SCARBOROUGH — In a surprise move, the school board unanimously voted to change the times school will start from this fall to the 2018-19 school year.
The school board was on schedule to adopt the new calendar with the change in start times during the April 27 meeting, when they also passed a school budget with new numbers that would mean a decrease in some taxes.
The new calendar would have high school students starting at 8:50 a.m. and middle students at 9 a.m., while elementary school students would start earlier, at 8 a.m. These changes will now take effect in September 2018.
Classes at the high school now begin at 7:35 a.m., 7:45 a.m. for middle school students, 8:20 a.m. for grades 3-5 and 8:50 a.m. for kindergarten through second grade.
School board member Jodi Shea made a motion during the meeting to pass the new school hours for the 2018-19 school calendar, giving staff an extra year to implement the changes. The 2017-18 times will remain unchanged.
“I feel 8 a.m. is not a drastic time change for younger students,” Shea said.
Shea said she wanted to give Superintendent Julie Kukenberger the “gift of time” to implement the changes, but stressed the school start times were correct.
“As a superintendent, I am feeling grateful for the extra time,” Kukenberger said. ” t allows us to develop a thoughtful implementation plan.”
Kukenberger called the change a huge shift, behaviorally, emotionally and philosophically.
She said it would give administrators time for a transportation audit, which will take place the third week of June and the second week of July. The results are expected to take six to eight weeks.
Kukenberger said in a later interview that school staffers will be looking for inefficiencies during the route analysis in hopes of going from three bus runs to two in the 55 square-mile district. School start times could be tweaked accordingly, potentially allowing elementary students to start an extra 10 to 15 minutes later.
School board member Donna Beeley said the changes are about “the health and science and not so much about the convenience.”
She also said it would give the new community services director time to develop more after school programming.
School board member Cari Lyford called it the right thing to do and said elementary students should be going to school earlier.
“I think it is time to shift the conversation to whether if this is going to happen to about when,” Lyford said. “It pains me that the kids in high school (seniors) aren’t going to see the benefits.”
Jacquelyn Perry, who previously voted against the change at the first reading on April 6, said it would give the superintendent some flexibility at tweaking the times after the transportation audit. She however, did say she was not in support of such a late start time for high-schoolers.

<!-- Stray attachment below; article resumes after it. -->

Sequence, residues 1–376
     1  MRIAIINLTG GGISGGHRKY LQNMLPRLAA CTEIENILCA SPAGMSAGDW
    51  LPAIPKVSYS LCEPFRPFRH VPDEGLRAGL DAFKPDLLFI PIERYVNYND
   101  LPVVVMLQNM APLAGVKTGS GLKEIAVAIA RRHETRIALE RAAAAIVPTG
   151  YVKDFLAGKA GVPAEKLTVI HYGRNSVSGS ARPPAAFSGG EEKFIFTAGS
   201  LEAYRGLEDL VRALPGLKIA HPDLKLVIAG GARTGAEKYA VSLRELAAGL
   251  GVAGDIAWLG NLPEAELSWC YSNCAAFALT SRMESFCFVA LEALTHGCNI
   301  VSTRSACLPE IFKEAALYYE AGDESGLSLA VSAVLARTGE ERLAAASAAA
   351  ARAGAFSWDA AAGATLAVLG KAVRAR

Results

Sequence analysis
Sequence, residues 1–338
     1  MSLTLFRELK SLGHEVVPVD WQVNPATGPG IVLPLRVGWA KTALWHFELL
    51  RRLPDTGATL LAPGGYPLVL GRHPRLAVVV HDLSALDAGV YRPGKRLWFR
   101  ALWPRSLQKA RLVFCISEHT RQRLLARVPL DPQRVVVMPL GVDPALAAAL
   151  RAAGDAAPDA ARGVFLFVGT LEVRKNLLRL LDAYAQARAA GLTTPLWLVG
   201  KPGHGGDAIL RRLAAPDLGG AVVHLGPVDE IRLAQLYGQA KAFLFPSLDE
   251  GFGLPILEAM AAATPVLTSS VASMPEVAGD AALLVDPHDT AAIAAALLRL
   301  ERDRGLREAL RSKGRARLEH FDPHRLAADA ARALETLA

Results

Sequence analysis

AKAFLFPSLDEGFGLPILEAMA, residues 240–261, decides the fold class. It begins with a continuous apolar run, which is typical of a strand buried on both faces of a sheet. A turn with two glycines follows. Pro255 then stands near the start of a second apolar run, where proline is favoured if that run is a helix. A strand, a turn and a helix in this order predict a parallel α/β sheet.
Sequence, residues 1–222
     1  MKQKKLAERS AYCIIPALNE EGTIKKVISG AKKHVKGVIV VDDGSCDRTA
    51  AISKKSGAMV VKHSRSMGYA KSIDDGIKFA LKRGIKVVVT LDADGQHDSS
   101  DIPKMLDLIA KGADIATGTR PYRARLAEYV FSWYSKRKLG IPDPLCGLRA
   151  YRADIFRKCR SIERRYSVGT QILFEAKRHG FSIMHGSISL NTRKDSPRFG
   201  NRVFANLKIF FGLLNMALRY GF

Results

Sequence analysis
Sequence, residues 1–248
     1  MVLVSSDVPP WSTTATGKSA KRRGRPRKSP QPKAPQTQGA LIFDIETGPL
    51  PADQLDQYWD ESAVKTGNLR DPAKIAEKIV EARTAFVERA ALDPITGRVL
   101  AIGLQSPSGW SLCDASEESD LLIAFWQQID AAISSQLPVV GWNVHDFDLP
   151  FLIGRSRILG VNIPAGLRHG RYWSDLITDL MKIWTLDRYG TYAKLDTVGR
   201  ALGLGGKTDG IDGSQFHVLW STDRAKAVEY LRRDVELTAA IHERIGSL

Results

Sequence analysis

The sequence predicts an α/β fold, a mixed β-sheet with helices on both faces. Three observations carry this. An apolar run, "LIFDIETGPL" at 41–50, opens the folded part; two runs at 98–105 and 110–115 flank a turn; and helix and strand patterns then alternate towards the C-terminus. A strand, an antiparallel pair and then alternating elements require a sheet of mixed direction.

School board Chairwoman Kelly Murphy said she didn’t support implementing later times, but would vote for it, saying it is “perhaps not in the best interest to wait.” Murphy added that there will be an adjustment period regardless of when the policy changes.
“No matter when we do it, we will have to pull off the Band-aid,” Murphy said.
During the meeting, parents, teachers and students addressed the changes, many of them against the change.
Dr. Peter Amann, who practices family medicine in Scarborough, said “early start times are toxic” and starting the day later is “for the health of our kids.”
Amaan cited some of the researched benefits of later start times for adolescents – fewer injuries, less risk of depression, obesity and, less involvement with drugs.
“This is about their health, not convenience,” Amaan said.
Scarborough would follow other southern Maine school districts that have recently switched to later start times for high schools, based on research that changing benefits teen health. Also, during adolescence, teenagers’ biological clocks shift so that they don’t get sleepy until 11 p.m.
The American Academy of Pediatrics recommends high schools start no earlier than 8:30 a.m.
Kristen Nilsen, a graduate student studying clinical mental health care counseling, said, “With great change, comes great stress.”
Parent Julie Bassett said she felt that board was “prioritizing older kids sleep over younger children’s sleep,” adding her children need 11 to 13 hours of sleep.
Sarah Blaisdell, a math teacher at Scarborough High School, said she enjoys spending time after school with students and doesn’t want to be a teacher who has to run out of school as soon as the day ends (to get home to her children).
During the meeting, the school board also passed s school budget that mean a tax increase of 7.78 percent, down from 9.56 percent that was initially proposed and passed during the first reading April 6.
Some savings was realized after projected health, dental, and other insurance premiums were $251,107 lower than initially budgeted. Other reductions included a revision in utility spending, deferring the hiring of a part-time athletic trainer, and a reduction in staff development.
The school board passed a change in school start times for the for the 2018/2019 school year instead of this fall. Scarborough High School students might have the latest school start times in the state.